According to your submission “These transformers perform the same function: they take an input voltage and current and transform the voltage levels down and correspondingly increase the current levels.”

Since the Type I and Type II transformers transform voltage levels down, they are step-down transformers. Consequently, the subject transformers are not signal or current transformers, the kind of transformers that are considered unrated and that have been held to be classified in subheading 8504.31.20, HTSUS.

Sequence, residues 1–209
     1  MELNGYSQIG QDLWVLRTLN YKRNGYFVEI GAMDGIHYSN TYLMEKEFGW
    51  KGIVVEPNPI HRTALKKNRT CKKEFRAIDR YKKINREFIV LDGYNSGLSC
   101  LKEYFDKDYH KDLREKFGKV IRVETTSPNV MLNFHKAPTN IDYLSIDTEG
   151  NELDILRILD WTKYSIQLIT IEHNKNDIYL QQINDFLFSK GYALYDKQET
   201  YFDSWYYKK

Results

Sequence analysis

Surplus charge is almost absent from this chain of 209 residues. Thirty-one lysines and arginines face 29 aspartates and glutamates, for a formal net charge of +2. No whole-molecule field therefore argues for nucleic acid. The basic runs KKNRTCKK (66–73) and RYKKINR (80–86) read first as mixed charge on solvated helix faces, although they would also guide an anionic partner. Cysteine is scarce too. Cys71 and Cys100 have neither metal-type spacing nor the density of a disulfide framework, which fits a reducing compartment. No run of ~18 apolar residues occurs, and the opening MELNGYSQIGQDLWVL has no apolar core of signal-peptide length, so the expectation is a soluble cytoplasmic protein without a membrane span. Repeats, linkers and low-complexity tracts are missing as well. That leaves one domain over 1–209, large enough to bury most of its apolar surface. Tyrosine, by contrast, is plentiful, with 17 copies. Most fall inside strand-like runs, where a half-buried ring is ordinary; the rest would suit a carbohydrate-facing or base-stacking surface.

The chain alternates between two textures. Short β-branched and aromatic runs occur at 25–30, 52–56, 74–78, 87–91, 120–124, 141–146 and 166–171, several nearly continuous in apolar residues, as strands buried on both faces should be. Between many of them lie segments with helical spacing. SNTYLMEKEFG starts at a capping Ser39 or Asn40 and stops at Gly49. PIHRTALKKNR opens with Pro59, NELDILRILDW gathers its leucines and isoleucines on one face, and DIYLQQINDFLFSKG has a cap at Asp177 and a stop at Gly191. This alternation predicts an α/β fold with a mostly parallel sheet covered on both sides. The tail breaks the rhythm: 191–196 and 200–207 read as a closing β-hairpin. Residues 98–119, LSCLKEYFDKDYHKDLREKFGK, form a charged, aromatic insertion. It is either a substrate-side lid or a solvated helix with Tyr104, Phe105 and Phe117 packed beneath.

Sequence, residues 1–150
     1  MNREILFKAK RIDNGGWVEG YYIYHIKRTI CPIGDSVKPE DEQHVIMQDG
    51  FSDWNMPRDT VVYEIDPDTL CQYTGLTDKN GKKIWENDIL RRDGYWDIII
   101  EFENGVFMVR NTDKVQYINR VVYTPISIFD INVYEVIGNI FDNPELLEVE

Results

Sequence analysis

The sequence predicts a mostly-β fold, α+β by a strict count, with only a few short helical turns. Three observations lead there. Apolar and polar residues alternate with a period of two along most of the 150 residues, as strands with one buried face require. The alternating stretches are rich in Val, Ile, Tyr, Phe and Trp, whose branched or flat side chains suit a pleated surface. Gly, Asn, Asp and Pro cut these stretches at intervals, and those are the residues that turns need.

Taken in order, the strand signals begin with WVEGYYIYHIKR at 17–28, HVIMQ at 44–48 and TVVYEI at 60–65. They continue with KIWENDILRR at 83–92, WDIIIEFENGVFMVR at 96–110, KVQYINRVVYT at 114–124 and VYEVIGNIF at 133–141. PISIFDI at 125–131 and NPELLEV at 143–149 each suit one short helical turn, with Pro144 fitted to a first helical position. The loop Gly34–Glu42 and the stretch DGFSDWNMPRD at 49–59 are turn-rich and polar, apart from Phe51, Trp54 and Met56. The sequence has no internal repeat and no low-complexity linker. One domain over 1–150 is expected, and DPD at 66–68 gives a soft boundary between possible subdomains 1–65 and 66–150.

You indicate that the Type I and Type II transformers in this case have the same general physical characteristics as transformers that Customs has previously ruled as unrated and classified in subheading 8504.31.20, HTSUS. In support of this position, you cite several rulings in which Customs held that the transformers at issue were unrated and were classified in subheading 8504.31.20: NY A88229 dated October 31, 1996; NY 858551, December 11, 1990; NY F81470 dated January 14, 2000; NY 894080, dated January 31, 1994; NY H82710 dated July 3, 2001; and NY F89738 dated August 10, 2000. These rulings concerned pulse transformers, data transformers, voice transformers, push pull transformers, and sound transformers. Although the transformers that were the subject of the cited rulings may have some of the same general physical characteristics as the transformers under consideration, they were not the same kind of transformers that are the subject of this case because they had different applications. In this case, the Type I and Type II transformers are step-down transformers used in power circuits for which a rating is required for proper usage. You also cite United States v. Carborundum Company, 63 CCPA 98, C.A.D. 1172, 536 F.2d 373 (1976), cert. denied 429 U.S. 979. The court in Carborundum set forth criteria for determining whether imported merchandise was of a particular class or kind. The factors considered by the court included: (1) the general physical characteristics of the merchandise; (2) the expectation of the ultimate purchasers; (3) the channels, class or kind of trade in which the merchandise moves; (4) the environment of sale, which include accompanying accessories and the manner in which the merchandise is marketed; (5) the use, if any, in the same manner as the merchandise which defines the class or kind of merchandise; and (6) the economic practicality and recognition in the trade of using the imported merchandise in a particular manner. See id. at 377.